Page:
Physics-Informed Domain-Aware Atmospheric Radiative Transfer Emulator for All Sky Conditions (Papers Track)

Piyush Garg (Argonne National Laboratory); Emil Constantinescu (Argonne National Laboratory); Bethany Lusch (Argonne National Lab); Troy Arcomano (Argonne National Laboratory); Jiali Wang (Argonne National Laboratory); Rao Kotamarthi (Argonne National Laboratory)

NeurIPS 2023 Poster Cite
Climate Science & Modeling Hybrid Physical Models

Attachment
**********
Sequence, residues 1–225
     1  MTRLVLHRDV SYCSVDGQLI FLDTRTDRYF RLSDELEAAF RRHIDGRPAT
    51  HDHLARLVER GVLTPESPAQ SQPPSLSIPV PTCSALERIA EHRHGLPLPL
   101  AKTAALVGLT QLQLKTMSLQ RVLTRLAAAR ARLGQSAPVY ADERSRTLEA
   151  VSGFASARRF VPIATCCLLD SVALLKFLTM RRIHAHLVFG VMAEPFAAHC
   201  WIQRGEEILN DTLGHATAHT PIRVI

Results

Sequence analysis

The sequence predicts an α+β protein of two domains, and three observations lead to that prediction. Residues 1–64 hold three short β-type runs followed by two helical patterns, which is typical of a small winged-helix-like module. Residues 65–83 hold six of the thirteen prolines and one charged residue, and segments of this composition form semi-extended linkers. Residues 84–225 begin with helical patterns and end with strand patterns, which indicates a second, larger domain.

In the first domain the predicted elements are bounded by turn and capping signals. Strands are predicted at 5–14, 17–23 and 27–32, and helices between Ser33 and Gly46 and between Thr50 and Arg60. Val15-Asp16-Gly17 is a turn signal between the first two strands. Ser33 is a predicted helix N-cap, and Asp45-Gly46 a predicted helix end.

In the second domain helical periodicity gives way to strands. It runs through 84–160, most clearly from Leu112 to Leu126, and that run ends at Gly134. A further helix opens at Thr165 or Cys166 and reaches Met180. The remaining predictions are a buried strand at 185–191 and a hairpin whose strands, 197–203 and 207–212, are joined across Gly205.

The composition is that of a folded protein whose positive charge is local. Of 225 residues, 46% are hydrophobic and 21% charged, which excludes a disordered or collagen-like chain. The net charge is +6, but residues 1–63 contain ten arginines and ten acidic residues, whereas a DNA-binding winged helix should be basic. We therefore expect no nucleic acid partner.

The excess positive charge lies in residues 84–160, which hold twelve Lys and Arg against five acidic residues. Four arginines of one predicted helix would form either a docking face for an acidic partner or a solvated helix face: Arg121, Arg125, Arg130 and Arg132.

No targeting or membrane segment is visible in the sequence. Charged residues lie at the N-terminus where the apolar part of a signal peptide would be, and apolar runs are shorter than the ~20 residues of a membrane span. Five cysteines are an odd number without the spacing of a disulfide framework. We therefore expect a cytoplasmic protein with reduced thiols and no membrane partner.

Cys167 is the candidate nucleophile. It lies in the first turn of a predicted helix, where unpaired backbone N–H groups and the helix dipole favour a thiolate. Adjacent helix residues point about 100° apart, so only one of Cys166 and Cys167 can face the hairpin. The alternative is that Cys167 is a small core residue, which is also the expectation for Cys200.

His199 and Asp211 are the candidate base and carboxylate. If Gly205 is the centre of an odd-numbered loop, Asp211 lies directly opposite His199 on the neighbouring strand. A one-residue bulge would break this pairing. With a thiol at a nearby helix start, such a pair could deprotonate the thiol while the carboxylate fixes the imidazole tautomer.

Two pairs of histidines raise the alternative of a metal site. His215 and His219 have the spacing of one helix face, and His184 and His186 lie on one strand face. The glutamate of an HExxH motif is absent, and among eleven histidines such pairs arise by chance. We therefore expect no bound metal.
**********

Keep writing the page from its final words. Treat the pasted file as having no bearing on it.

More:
Radiative transfer modeling is a complex and computationally expensive process that is used to predict how radiation interacts with the atmosphere and Earth's surface. The Rapid Radiation Transfer Model (RRTM) is one such process model that is used in many Earth system models. In recent years, there has been a growing interest in using machine learning (ML) to speed up radiative transfer modeling. ML algorithms can be trained on large datasets of existing RRTM simulations to learn how to predict the results of new simulations without having to run the full RRTM model so one can use the algorithm for new simulations with very light computational demand. This study developed a new physics-based ML emulator for RRTM that is built on a convolutional neural network (CNN) where we trained the CNN on a dataset of 28 years of RRTM simulations. We built a custom loss function, which incorporates information on how radiation interacts with clouds at day- and night-time. The emulator was able to learn how to predict the vertical heating rates in the atmosphere with a high degree of accuracy (RMSE of less than 2% and Pearson's correlation above 0.9). The new ML emulator is over 56 times faster than the original RRTM model on traditional multi-CPU machines. This speedup could allow scientists to call the RRTM much more frequently in atmosphere models, which may improve the accuracy of climate models and reduce the uncertainty in the future climate projections.